It’s been a few weeks now, but I was advising a few younger friends about starting salaries and thought it’d be interesting to write about. They are entering the work force for the first time. And while there are often career services available at a lot of schools, they often don’t provide the perspectives that other engineers might be able to offer. So yeah…I guess that other perspective is…me! At least one of the many perspectives you can get. You can ask just about anyone.
So what do I have to say about it? Only what I know so far.
First, you might be surprised at what you’re making when coming out of school. Unless you have a badass co-op or internship while you are in school, you’ll be earning a lot more money than you’d be used to. But here’s the part you might not realize: Your salary might seem high now, but your earning potential will even out. Over time, engineer salaries don’t increase nearly as much as they do at the beginning. You might be saying “Well, who cares? I am just starting out? I’ll worry about increases later!” But here’s the real point of this: your starting salary matters.
Another relevant and surprising fact when coming out of school is that I wasn’t being paid as much as I thought I should (OK, not that surprising). But the thing I didn’t realize is employers don’t say, “Hey Chris, statistics be damned, we’ll pay you what we want!” Despite their desire for you as an employee, it’s in your future employer’s best interest to lowball you. For the exact opposite reasons from above. Sure, you might think you’re worth a ton, but your future employer is simply trying to get the best deal. Why should they pay you 50k when you might take 45k?
The resulting fact is that many who might not do otherwise will jump to a position that has a higher salary potential because they get frustrated with the flattening out. This helps the person who is making the jump (possibly) but also holds the market for very experienced people at the flattened level. So what does this mean for a new engineer? Not too much other than to maintain low lifestyle inflation and if you cannot, practice your soft skills so you can one day become a manager.
A final note about the hiring environment today: it’s a hirer’s market. No future employee expects late 90s era salaries and bonuses and companies are taking advantage of the reduced rates. Expect to hear about it while negotiating salaries and for them to play on your fear of not being able to find other jobs. This doesn’t mean you shouldn’t do your research and come into a meeting about salary prepared to ask for what you think you deserve. And even asking for a little bit more (with research and justification to back it up) never hurts. Even if they turn that down, you will then have license to ask for other things they might be more willing to concede. It can be scary to ask for more, but there are many resources on the internet to help you out. As I told the friends I mentioned at the beginning of this article: if you have the numbers to back you up, it’s like someone else saying you deserve more. You just point at the numbers and say, “here’s what the market says I’m worth. If you want to offer less, you will need to explain why.”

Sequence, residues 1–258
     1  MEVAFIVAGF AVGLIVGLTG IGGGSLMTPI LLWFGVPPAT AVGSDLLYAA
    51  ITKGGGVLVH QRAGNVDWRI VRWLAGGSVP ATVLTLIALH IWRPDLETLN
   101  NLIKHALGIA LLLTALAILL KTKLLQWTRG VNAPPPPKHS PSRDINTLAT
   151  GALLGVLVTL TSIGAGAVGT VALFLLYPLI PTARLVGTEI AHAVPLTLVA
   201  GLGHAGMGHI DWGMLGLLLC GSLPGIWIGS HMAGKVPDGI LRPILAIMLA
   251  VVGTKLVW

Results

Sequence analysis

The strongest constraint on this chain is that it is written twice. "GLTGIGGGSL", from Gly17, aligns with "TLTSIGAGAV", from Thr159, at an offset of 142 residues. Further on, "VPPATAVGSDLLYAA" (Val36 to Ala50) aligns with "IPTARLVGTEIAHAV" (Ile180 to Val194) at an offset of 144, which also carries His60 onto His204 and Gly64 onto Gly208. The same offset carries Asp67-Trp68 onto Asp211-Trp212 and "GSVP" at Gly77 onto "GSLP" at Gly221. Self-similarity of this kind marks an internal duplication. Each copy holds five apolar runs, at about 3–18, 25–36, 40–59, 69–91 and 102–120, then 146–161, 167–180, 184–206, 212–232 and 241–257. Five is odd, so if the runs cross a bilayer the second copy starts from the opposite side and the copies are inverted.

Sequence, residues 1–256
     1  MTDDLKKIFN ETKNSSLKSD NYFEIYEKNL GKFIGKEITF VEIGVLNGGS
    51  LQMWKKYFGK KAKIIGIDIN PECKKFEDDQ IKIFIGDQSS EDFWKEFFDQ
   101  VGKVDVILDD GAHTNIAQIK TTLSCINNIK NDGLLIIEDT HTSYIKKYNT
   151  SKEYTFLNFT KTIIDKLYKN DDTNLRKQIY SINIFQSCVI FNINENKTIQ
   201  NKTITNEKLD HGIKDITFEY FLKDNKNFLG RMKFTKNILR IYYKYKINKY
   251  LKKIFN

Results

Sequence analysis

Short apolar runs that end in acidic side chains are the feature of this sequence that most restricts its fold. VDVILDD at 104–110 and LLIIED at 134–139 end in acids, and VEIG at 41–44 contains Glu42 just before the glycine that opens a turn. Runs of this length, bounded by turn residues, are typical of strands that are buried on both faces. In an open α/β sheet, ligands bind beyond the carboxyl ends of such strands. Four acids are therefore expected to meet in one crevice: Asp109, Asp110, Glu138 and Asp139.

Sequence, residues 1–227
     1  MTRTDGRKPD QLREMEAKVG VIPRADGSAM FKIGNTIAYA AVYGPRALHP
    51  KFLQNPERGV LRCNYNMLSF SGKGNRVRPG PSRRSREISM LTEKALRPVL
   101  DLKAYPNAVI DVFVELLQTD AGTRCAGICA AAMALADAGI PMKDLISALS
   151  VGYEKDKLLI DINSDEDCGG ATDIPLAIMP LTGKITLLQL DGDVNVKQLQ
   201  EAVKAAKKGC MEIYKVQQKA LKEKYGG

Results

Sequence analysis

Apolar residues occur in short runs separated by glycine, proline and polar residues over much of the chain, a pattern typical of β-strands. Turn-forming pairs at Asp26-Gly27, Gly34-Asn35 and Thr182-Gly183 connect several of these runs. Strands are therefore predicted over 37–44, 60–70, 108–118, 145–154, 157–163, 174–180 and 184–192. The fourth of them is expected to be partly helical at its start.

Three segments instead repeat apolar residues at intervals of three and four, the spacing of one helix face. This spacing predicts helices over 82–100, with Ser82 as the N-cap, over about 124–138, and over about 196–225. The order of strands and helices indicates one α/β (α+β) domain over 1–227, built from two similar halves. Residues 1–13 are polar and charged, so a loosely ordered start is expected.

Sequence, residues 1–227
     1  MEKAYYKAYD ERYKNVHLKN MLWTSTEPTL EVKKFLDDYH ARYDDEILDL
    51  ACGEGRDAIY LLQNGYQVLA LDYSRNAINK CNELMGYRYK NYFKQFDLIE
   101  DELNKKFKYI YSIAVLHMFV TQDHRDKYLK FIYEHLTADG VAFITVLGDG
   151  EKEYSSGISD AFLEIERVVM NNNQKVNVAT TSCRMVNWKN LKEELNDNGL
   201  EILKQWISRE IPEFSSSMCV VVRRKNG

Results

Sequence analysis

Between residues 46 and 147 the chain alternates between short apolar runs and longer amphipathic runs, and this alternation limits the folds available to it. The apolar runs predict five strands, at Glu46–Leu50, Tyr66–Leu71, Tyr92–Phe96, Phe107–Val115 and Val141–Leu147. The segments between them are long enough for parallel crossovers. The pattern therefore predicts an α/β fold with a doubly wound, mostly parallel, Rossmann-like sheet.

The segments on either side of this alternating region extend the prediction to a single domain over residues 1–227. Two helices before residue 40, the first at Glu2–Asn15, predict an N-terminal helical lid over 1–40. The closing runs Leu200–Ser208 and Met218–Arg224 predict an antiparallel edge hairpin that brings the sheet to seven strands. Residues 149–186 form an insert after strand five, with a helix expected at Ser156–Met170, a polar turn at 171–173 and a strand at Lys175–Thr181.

Finally, I thought I’d add a list of salary sites I’ve used in the past, but it’s nothing special. You will really need to use all of these sites because often the most popular ones are the ones that give the best results. You’ll also need to run multiple iteration in case your definition of a position is different than the survey. Getting the most information possible and summarizing it properly is the most important thing. Because for every sheet of paper you have saying what you might be worth, assume the person on the other side of the table will have their own set of numbers that say the opposite (within reason, of course). So here are those sites.
- Glassdoor.com (if the company you’re looking at isn’t on there, find one of similar size in the region)
- IEEE Salary Service (free if you filled out their survey, $30+ otherwise with limited searches)
So my final word in salaries? Keep looking around. I’ve only done it a few times myself and I always feel awkward and that I messed something up. But this was the advice I offered younger friends and now have offered you. It’s not easy and no one will care about it as much as you will, so study up. Have you done this more times than me and want to offer advice? Have you got any questions? Leave them in the comments and I’ll try to respond.